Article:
Saturday, January 21, 2006

Children, it's time for a bedtime story

I had barely launched into my brief career as a graduate student in history when creativity and playfulness won out over scholarship. Two fellow students, the “Budwomen,” asked for a bedtime story. I departed from their dorm room and returned shortly thereafter with Chapter the First of the following tale. It was only the launch of a month-long adventure story, what I called a bedtime tale for grownups. At first I had no idea where it would take us all. For an organizing mythology I turned to a major in folklore and mythology. Others contributed ideas along the way. Since this was clearly going to be a serial, I sought to end each chapter with some sort of cliffhanger. Silly as the whole thing was, we all agreed it ended too soon.

The tale of Jonathan’s time in Mithernesse led to a request for more information on Hermann of Bjupaž. That biographical note mentioned “the wasting of the Gardens fourteen centuries later” and from that throwaway line sprung a longer sequel: “Isenwaste” (featuring Jonathan’s granddaughter Gwyn). With the inspiration of Tolkien in the background, I pondered histories, maps, languages, cultures, and genealogies. Thus my first year at UCLA was spent mostly living in a parallel universe—without the aid of drugs, I might add.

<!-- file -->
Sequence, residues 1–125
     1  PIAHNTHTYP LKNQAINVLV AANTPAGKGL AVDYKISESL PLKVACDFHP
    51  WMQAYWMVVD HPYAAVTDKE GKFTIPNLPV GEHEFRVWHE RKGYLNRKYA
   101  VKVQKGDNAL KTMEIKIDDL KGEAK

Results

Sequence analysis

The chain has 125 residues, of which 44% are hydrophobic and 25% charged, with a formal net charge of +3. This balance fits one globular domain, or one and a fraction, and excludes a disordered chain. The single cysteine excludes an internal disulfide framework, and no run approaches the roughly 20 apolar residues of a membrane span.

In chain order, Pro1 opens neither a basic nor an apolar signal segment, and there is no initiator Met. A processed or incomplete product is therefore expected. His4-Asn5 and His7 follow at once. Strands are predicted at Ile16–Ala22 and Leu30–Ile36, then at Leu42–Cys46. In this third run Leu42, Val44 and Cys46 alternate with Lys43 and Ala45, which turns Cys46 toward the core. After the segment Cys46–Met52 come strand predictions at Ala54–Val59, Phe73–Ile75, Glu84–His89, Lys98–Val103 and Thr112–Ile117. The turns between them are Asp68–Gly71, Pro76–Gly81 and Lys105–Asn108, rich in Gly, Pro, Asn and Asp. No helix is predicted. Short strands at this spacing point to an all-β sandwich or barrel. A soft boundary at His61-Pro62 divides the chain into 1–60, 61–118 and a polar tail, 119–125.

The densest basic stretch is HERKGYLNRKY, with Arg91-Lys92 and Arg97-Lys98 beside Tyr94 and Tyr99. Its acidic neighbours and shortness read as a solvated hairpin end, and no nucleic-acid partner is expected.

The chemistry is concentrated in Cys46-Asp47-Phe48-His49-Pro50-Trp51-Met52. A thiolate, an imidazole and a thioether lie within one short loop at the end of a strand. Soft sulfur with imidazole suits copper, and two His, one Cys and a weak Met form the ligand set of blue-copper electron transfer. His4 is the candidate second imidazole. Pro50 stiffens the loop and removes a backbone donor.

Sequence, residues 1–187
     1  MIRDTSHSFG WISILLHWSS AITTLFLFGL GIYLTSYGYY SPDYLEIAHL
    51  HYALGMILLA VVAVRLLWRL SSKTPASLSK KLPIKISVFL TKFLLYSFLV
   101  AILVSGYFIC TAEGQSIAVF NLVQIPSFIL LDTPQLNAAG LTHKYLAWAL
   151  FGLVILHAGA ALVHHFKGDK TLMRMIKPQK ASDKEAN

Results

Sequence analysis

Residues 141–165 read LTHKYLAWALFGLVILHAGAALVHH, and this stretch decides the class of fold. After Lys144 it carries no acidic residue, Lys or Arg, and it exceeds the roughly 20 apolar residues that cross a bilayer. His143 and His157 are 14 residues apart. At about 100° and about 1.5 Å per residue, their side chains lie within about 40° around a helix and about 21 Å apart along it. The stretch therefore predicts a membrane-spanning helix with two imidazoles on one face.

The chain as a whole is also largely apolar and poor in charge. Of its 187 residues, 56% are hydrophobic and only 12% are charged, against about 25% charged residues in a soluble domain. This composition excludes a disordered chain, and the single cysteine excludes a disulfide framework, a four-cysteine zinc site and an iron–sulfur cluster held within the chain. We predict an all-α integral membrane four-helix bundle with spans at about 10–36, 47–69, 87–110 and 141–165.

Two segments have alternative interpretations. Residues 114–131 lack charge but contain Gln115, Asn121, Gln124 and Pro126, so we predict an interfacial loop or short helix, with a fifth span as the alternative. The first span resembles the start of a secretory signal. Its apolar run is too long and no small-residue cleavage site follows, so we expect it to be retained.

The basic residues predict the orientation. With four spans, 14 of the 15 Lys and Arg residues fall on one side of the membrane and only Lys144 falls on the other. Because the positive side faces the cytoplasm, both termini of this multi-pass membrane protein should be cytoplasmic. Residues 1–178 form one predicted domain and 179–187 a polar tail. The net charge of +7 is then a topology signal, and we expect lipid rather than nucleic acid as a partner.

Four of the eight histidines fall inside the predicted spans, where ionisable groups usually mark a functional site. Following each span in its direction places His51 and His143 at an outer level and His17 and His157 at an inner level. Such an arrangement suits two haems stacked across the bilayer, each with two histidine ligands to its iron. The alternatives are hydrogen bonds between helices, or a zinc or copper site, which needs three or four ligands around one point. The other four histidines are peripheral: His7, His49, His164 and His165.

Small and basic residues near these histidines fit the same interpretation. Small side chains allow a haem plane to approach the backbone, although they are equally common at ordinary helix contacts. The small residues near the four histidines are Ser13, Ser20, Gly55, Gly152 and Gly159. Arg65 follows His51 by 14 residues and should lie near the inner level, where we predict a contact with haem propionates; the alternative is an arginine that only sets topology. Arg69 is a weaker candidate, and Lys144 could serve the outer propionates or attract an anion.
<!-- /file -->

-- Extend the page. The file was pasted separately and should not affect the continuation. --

The entire creative endeavor found its way into my therapy sessions this last year and I have wanted to revisit the magic and mystery of these adventures with a deeper perspective.

To the sorrow of many, my high school humanities teacher, Alan Amend, died in 2005. He is the Cap’n Poseidon mentioned in the original preface. As the initial tale was dedicated to him, I had given him a photocopy long ago. Gay Amend, his widow, graciously offered to return it to me, thus providing the opportunity to go back once again. This revision and expansion, adapted to the serial style of the modern weblog, I now dedicate to both of them.

To Uncle Al and Gay,
May you ever continue to see kindled the imagination of
your students.

Paul E Strid
Hercules, California
January 2006


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